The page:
It’s Mental Health Awareness Month 2019, I’d been meaning to write something but this wasn’t it. I feel that whilst I’m talking and writing about mental health in the dental profession year round that it’s important to contribute when arguably the most ears are listening. I find it hard though because to write and talk about it I’m transported back to what it felt like, looked like, sounded, tasted and smelt like to be so deep into a darkness that suicide felt like a reasonable solution. To be reminded of the shame I retrospectively attach to imagining a world that that would’ve been better off without me. It’s easy to see clearly now and scary to think that I fell so far down the rabbit hole. It’s easy to feel shame, anger and fear all at once, something I’m not sure I’ll ever completely be at peace with or have enough distance from.
Writing or filming something had been on and off my mind for a week or two but I was caught by surprise in the gym of all places. Cooling down on a stationary bike, scrolling through twitter. I came across the headline :
‘GP killed himself fearing he’d lose his job if he talked about his mental health’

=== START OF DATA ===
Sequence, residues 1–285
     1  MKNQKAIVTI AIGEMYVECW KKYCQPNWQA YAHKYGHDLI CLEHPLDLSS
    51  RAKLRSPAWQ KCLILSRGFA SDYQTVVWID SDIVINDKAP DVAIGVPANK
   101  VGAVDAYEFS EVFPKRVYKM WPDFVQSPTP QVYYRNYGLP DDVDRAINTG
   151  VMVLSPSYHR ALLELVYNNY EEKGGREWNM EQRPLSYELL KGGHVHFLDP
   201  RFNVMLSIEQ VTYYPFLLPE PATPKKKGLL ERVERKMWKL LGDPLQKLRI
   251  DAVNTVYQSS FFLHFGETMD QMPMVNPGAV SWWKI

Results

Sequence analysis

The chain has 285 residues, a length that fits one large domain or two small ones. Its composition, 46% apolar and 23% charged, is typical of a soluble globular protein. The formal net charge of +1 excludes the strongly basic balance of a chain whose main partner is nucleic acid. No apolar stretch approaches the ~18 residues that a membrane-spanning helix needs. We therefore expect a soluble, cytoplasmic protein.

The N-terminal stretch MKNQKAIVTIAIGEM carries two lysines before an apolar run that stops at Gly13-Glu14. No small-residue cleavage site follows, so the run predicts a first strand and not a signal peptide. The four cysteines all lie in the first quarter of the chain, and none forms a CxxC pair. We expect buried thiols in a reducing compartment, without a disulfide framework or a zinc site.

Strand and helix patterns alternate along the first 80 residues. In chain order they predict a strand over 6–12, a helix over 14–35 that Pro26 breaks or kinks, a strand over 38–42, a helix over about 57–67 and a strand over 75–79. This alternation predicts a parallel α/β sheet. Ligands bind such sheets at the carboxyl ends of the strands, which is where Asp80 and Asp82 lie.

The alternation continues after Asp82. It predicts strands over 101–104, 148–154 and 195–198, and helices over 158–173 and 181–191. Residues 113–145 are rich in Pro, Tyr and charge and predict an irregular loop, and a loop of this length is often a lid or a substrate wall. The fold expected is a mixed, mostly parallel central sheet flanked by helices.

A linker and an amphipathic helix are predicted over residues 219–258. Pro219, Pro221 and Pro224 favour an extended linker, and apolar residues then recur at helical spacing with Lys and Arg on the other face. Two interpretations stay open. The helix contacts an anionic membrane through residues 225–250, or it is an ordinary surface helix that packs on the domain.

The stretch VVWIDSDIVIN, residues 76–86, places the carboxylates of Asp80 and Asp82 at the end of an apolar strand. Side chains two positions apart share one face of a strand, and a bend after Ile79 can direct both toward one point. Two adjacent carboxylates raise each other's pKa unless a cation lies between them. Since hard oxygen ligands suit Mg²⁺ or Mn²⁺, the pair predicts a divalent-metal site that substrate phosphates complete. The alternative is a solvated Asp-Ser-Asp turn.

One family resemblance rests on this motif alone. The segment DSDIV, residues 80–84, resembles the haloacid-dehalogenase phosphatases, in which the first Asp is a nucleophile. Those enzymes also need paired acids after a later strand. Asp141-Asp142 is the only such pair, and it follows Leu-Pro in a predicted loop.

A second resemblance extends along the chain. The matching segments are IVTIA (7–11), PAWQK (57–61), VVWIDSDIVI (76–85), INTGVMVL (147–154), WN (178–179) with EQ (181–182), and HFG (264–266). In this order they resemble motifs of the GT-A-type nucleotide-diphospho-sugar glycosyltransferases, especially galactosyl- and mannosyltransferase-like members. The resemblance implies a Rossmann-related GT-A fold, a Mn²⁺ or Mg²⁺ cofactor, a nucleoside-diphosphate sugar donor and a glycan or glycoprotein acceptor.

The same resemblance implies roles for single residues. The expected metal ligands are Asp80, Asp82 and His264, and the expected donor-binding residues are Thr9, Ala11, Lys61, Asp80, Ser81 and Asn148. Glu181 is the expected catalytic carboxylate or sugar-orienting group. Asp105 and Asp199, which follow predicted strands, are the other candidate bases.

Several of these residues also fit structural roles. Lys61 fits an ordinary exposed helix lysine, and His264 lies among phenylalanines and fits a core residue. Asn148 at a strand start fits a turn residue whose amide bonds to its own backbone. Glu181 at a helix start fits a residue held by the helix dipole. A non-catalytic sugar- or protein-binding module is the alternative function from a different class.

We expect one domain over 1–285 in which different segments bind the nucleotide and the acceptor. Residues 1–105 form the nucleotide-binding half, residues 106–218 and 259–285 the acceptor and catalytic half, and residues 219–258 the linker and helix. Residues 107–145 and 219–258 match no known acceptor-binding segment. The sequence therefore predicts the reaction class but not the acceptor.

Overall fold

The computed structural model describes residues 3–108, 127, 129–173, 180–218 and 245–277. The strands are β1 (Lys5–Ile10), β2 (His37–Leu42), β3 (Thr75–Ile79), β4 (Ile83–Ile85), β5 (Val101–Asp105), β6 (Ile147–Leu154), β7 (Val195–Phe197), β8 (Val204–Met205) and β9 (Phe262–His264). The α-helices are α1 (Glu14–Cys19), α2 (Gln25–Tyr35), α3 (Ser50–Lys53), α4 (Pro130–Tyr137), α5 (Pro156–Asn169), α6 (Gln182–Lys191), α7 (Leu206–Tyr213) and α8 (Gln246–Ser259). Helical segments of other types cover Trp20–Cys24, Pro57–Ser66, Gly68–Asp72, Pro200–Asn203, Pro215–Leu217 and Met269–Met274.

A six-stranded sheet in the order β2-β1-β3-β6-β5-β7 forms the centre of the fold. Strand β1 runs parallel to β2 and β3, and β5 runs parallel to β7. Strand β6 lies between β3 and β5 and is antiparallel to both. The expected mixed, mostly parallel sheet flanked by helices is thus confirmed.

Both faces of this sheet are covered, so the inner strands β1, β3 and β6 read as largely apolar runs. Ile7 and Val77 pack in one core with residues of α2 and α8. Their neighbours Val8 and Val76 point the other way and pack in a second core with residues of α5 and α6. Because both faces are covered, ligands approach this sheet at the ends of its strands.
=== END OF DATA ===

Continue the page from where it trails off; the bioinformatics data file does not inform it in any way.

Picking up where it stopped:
There was a lovely photo of a happy young man. I read as much as I could, I didn’t even realised I’d stopped cycling. I felt unbelievably sad, quickly outraged, angry and then fell into my own grief.
I didn’t know this doctor, Miles, close to my age, married with children. But I knew his story too well because it was so very nearly mine. Holding back tears in the gym and collecting my thoughts I left and sat in my car. Sitting where I so often film a post workout reflection/accountability video for my online audience, I decided to film despite my highly emotional state, that something needed to be said.
The stigma around mental health issues must stop, especially within the healthcare professions. We are human and must be permitted everything that comes with that, that to be held to super human standards will be destructive to the whole of health care.
The fear that surrounds the labels and diagnoses being attached to a health professional and the potential repercussions from our professional bodies needs addressing. The fear is loss of income, loss of good standing within the profession, removal of practicing certificates, loss of career and identity in one stroke.
Healthcare professionals, especially dentists, are at higher risk of suicide than most professions. The barriers to accessing the help we need, easily and confidentially need removing. We need to feel supported not isolated, we need seeking help and admitting concerns to be embraced, normalised and praised. The elephant in the room isn’t going anywhere, if anything it’s getting bigger!
Who will care for us when the healthcare professionals are all broken and gone? Let’s look after the humans behind The Hippocratic Oath.
My thoughts and prayers are with Miles,his family, friends and colleagues. And also with the rest of us….. #notonemore